So yes, that’s something else to be considered, here and elsewhere, as we strive to be an inclusive society. But must we resort to reverse discrimination to achieve it?

When it comes to the CYA Conference, I think there’s more behind the cancellation than the lack of diversity on the panel.  Apparently there had been “dwindling interest in the event, which has been held at least every other year since 2003. Only thirteen people had registered for this year’s conference.” We’re told…

The Loft had invited more than ten writers of color to speak and expected a few “to come through at the last minute, “and then they didn’t,” Udesen said. “It’s MEA [teachers’ conference] weekend, so a lot of local writers were unavailable, or a lot of them had just recently taught with us and they thought it would be repetitive.”

Knowing how far in advance the planning happens for my favourite Canadian writers’ conference (the Surrey International Writers’ Conference), I’d say poor planning might have had as much or maybe even more to do with the cancellation of the CYA Conference than the lack of diversity on its panel. But that does nothing to alleviate my frustration at the reasons given.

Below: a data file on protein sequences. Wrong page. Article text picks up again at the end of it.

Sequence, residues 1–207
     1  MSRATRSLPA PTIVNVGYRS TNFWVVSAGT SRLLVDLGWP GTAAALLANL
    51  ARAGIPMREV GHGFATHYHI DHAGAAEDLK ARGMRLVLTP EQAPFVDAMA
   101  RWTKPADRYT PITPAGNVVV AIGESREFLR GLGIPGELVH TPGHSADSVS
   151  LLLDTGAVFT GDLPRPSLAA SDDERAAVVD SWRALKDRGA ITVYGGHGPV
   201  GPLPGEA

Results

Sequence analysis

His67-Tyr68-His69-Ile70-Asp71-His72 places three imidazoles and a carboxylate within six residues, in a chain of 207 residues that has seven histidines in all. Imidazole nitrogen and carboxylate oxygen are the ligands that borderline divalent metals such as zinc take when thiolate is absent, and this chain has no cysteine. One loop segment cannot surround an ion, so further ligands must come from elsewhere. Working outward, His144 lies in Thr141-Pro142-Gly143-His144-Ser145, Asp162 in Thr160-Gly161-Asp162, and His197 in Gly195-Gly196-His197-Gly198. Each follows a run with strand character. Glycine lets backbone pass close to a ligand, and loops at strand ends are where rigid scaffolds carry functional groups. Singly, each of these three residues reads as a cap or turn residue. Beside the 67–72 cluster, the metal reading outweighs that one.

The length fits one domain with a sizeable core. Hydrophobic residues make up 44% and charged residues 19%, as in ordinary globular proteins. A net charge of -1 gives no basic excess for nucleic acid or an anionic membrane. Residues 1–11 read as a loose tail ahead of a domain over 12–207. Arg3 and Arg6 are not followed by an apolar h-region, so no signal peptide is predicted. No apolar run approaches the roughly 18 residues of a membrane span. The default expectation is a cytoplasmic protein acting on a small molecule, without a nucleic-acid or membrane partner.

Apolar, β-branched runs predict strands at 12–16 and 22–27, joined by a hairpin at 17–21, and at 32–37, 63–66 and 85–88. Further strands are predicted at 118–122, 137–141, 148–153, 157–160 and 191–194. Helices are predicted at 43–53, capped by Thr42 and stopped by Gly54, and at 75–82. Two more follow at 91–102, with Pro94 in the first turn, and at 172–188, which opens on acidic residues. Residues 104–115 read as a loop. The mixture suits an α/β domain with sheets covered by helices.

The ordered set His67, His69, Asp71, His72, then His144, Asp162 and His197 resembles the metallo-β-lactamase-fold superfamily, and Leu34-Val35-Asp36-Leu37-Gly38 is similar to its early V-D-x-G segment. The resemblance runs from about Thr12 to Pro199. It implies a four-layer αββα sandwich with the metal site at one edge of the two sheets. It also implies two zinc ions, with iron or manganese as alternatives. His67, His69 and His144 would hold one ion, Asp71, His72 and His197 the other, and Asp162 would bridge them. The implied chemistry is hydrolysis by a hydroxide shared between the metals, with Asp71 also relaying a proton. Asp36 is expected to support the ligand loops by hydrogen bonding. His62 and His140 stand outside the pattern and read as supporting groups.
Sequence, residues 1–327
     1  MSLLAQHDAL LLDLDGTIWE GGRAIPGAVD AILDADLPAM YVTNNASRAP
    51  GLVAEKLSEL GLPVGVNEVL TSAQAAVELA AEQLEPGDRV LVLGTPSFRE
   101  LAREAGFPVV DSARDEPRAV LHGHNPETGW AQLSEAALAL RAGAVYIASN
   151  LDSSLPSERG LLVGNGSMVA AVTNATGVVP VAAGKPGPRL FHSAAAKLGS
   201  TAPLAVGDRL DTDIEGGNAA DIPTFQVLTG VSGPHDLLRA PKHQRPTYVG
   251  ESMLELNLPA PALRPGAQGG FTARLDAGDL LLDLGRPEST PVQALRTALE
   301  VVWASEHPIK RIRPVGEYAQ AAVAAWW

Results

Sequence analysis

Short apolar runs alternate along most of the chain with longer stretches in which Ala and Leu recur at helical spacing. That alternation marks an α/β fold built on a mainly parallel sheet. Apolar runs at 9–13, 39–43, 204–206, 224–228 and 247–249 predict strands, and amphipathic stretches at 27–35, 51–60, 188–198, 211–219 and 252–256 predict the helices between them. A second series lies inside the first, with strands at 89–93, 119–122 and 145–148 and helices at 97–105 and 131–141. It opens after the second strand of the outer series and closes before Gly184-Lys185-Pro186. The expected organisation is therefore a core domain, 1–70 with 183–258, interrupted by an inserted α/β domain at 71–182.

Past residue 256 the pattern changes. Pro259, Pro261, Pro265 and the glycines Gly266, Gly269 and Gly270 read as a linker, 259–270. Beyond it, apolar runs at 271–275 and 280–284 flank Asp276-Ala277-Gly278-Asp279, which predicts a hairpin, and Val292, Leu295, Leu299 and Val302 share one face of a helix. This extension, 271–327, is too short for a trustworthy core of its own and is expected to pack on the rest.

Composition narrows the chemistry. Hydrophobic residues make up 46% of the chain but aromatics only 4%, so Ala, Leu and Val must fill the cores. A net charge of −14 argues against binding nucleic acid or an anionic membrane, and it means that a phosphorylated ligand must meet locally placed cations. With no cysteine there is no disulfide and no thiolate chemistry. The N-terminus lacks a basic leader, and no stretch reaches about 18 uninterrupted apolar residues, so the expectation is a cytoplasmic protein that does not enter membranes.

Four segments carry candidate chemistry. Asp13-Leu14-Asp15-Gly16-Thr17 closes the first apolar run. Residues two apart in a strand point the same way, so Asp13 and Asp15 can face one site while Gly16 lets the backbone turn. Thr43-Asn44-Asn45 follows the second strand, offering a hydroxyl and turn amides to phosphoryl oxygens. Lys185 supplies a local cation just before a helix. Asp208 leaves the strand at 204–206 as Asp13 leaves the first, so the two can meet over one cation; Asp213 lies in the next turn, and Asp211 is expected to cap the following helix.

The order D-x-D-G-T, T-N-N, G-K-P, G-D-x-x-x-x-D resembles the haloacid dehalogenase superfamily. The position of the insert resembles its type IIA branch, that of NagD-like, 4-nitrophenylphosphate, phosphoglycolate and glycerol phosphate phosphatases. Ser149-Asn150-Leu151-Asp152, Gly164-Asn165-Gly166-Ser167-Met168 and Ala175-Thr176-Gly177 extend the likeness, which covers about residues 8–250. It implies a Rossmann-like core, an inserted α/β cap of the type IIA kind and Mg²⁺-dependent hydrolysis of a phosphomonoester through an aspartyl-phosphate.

When the colour of people’s skin, their racial origins and gender are considered first, before their qualifications for a task, we’ve lost our rationality. We’ve become extremists. IMO that can’t end well.


*Immigration and Ethnocultural Diversity in Canada

Yes, it’s our Federal Election Day. So what?

First off, let me confirm that, despite the title of this post, I believe a lot is at stake in today’s election, and I WILL be casting my vote today.


But I’m not big on politics. I hate the in-house temper tantrums and game-playing, the campaign rhetoric, the shouting and endless television commercials. History proves most election platforms shoved at voters are full of empty promises. To garner votes, they present what candidates think the people want to hear, not what realistically should or will happen. Then there is all the bad-mouthing of other candidates … innuendo, mud-slinging, twisted truths and bald-faced lies. If we were to believe the campaign speeches, none of the candidates should be elected.

I don’t want to be reminded of what someone thinks are an opponent’s shortcomings. I want to hear what each believes in and will fight to achieve if elected, but discerning the truth is like trying to untangle a web. Spiders may be good at that; most people aren’t.


Each of the five party leaders and their platforms have strengths and weaknesses. Who you and I vote for will depend on our priorities. There are anti-Harper, ‘Anything But Conservative’ campaigns, with calls to ‘Vote Strategically’  — not for who you feel is the best candidate in a riding, or for your preferred party, but for who can best take seats away from the Conservatives. This is not the way to cast an intelligent, democratic vote, but there is a ground swell of emotion behind it.